This member-only article appears in the January issue of Patient Safety Monitor Journal.
By Christopher Cheney, HealthLeaders
Drawing information from patients can help boost understanding of why diagnostic errors happen and reduce the risk of future errors, according to new research. Diagnostic errors are a serious patient safety problem, impacting about 12 million adult outpatients each year and causing as many as 17% of adverse events for hospitalized patients.
“Health systems should develop and implement formal programs to collect patients’ experiences with the diagnostic process and use these data to promote an organizational culture that strives to reduce harm from diagnostic error,” researchers wrote in an article published today in the journal Health Affairs.
The research features an examination of 184 narratives from patients or family members about diagnostic errors collected in a new database maintained by the Empowered Patient Coalition.
The data provide unique and valuable insight into diagnostic errors, the researchers wrote.
“Patients’ reports of their experiences of diagnostic errors can provide information that traditional measurement mechanisms often fail to capture. Given the absence of diagnosis-specific experiences in most surveys and patient-reported outcomes, the only current way to capture patients’ experiences of diagnostic error is via patient complaints. However, complaints are often viewed as satisfaction matters rather than safety signals,” the researchers wrote.
The Empowered Patient Coalition narratives identified four areas where poor clinician-patient relations contributed to diagnostic errors:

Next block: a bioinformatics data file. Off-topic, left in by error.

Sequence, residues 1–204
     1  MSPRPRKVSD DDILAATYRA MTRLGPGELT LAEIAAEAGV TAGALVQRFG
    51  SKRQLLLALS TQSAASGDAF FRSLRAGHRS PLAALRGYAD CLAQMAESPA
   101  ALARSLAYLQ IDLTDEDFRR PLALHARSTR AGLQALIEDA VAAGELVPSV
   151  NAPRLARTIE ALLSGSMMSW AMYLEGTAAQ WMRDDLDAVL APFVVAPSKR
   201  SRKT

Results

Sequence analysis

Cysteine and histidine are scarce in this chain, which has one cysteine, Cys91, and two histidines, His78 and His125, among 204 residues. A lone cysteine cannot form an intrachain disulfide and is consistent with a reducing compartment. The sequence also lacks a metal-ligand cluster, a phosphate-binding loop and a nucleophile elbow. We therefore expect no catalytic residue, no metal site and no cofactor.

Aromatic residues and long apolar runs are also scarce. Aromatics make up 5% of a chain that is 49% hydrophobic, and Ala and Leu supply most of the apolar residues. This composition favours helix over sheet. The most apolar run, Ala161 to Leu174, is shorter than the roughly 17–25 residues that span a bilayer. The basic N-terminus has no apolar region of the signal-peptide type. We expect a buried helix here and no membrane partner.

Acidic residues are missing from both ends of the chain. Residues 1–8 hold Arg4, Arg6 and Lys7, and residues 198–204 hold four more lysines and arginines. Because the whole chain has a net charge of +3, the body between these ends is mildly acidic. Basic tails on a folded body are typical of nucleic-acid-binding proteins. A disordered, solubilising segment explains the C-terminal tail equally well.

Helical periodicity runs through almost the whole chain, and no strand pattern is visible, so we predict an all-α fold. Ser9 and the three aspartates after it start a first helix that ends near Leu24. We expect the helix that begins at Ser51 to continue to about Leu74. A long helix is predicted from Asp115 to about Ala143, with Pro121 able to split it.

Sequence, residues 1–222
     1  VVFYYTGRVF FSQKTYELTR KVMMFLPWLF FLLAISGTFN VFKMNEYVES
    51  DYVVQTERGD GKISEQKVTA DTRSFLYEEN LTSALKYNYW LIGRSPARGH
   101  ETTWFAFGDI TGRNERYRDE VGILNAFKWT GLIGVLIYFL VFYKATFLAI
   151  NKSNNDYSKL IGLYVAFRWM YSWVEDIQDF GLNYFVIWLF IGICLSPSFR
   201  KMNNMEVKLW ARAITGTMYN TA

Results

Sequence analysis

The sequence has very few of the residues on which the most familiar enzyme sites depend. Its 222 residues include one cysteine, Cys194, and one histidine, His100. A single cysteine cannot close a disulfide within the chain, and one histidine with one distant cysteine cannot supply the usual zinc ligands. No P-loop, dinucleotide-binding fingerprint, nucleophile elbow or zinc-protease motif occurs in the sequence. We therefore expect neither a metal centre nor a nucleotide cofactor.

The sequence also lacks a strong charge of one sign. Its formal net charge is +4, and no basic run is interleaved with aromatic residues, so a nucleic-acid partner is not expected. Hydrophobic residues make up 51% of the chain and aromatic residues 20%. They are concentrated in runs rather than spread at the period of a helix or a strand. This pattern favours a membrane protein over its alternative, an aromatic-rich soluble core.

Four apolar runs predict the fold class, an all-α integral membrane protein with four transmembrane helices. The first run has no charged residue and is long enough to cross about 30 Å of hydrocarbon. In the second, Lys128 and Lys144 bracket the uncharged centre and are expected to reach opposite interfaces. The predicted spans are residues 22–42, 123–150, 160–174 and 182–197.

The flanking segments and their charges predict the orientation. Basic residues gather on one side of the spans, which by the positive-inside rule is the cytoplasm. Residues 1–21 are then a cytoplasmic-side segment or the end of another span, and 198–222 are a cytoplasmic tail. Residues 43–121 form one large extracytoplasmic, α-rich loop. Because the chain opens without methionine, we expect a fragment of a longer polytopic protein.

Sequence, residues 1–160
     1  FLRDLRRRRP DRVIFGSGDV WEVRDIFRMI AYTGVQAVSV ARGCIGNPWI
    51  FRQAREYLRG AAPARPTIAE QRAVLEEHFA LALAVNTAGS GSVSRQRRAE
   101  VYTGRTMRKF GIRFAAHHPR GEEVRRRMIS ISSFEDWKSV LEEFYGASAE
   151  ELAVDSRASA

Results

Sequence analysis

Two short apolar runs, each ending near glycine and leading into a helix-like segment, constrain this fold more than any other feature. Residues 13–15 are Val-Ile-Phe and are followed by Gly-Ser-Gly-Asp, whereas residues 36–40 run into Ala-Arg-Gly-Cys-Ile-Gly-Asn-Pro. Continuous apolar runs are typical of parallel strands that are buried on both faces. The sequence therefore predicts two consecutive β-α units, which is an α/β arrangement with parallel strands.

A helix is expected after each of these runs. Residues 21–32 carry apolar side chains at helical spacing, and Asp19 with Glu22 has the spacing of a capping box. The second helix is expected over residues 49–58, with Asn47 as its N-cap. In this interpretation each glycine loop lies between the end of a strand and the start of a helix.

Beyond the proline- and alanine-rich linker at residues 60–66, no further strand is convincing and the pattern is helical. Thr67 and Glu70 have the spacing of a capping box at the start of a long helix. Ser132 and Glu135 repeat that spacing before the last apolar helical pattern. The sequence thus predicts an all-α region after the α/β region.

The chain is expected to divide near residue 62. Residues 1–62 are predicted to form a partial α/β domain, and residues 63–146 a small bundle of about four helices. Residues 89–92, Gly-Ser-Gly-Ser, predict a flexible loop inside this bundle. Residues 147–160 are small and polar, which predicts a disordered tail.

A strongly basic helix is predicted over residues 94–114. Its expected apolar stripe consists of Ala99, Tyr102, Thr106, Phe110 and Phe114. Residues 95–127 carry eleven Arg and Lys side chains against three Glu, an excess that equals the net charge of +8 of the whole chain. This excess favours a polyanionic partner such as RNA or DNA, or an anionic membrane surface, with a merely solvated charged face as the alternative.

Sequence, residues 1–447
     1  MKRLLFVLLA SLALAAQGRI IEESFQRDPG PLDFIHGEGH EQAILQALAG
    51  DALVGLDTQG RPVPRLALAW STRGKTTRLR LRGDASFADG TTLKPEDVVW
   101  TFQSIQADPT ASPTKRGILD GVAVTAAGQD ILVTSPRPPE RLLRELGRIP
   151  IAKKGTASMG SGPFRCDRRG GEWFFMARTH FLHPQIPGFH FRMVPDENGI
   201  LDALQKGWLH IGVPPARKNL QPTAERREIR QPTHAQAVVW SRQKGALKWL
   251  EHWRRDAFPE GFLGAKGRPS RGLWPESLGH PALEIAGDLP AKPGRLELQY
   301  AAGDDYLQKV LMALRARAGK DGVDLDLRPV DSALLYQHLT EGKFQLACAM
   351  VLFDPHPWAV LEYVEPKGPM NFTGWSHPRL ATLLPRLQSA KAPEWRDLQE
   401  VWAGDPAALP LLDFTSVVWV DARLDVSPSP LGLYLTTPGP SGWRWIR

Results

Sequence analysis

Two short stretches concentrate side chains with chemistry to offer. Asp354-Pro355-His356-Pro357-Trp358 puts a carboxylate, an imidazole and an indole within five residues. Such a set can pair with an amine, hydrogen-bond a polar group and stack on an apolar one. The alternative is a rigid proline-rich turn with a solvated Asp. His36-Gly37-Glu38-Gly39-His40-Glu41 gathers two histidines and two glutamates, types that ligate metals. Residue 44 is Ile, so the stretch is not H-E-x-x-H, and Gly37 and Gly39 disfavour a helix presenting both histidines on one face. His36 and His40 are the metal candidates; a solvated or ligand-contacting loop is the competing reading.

- Patient knowledge was ignored in 92 of the narratives. Patients or family members said that clinicians ignored or disregarded reports of clinical indications such as symptoms and changes in patient status.
- Disrespect of patients was considered a possible contributing factor in several diagnostic errors. Clinician disrespect of patients was reported in several forms, such as belittling, mocking, and stereotyping.
- Failure to communicate was another theme in the narratives, with clinician failings ranging from ineffective communication styles to refusal to talk with patients and family members. Examples of poor communication included unanswered phone calls and unresponsiveness to questions.
- Manipulation or deception was reported in 15 of the narratives. This behavior fell into two categories: clinicians using fear to influence care decisions, and patients being misled or misinformed.